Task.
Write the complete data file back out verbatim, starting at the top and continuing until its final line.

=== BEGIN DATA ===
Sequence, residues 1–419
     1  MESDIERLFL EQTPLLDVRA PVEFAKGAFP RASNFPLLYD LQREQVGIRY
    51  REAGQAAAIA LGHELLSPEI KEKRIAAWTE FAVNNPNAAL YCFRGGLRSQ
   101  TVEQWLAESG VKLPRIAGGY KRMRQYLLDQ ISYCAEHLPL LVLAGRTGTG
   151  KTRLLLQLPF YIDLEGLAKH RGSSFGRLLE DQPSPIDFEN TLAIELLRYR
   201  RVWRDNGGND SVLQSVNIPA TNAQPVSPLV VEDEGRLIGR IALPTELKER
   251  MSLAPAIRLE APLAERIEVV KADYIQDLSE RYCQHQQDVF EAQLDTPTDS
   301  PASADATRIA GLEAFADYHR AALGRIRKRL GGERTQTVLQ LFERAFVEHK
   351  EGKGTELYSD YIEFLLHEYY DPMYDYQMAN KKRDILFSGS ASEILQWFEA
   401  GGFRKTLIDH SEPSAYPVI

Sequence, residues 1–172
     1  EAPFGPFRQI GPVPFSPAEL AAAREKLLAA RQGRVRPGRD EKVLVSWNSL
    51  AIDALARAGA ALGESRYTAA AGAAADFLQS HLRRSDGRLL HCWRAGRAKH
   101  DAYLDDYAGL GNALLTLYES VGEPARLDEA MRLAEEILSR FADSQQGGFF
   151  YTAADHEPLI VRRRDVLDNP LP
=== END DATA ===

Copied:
Sequence, residues 1–419
     1  MESDIERLFL EQTPLLDVRA PVEFAKGAFP RASNFPLLYD LQREQVGIRY
    51  REAGQAAAIA LGHELLSPEI KEKRIAAWTE FAVNNPNAAL YCFRGGLRSQ
   101  TVEQWLAESG VKLPRIAGGY KRMRQYLLDQ ISYCAEHLPL LVLAGRTGTG
   151  KTRLLLQLPF YIDLEGLAKH RGSSFGRLLE DQPSPIDFEN TLAIELLRYR
   201  RVWRDNGGND SVLQSVNIPA TNAQPVSPLV VEDEGRLIGR IALPTELKER
   251  MSLAPAIRLE APLAERIEVV KADYIQDLSE RYCQHQQDVF EAQLDTPTDS
   301  PASADATRIA GLEAFADYHR AALGRIRKRL GGERTQTVLQ LFERAFVEHK
   351  EGKGTELYSD YIEFLLHEYY DPMYDYQMAN KKRDILFSGS ASEILQWFEA
   401  GGFRKTLIDH SEPSAYPVI

Sequence, residues 1–172
     1  EAPFGPFRQI GPVPFSPAEL AAAREKLLAA RQGRVRPGRD EKVLVSWNSL
    51  AIDALARAGA ALGESRYTAA AGAAADFLQS HLRRSDGRLL HCWRAGRAKH
   101  DAYLDDYAGL GNALLTLYES VGEPARLDEA MRLAEEILSR FADSQQGGFF
   151  YTAADHEPLI VRRRDVLDNP LP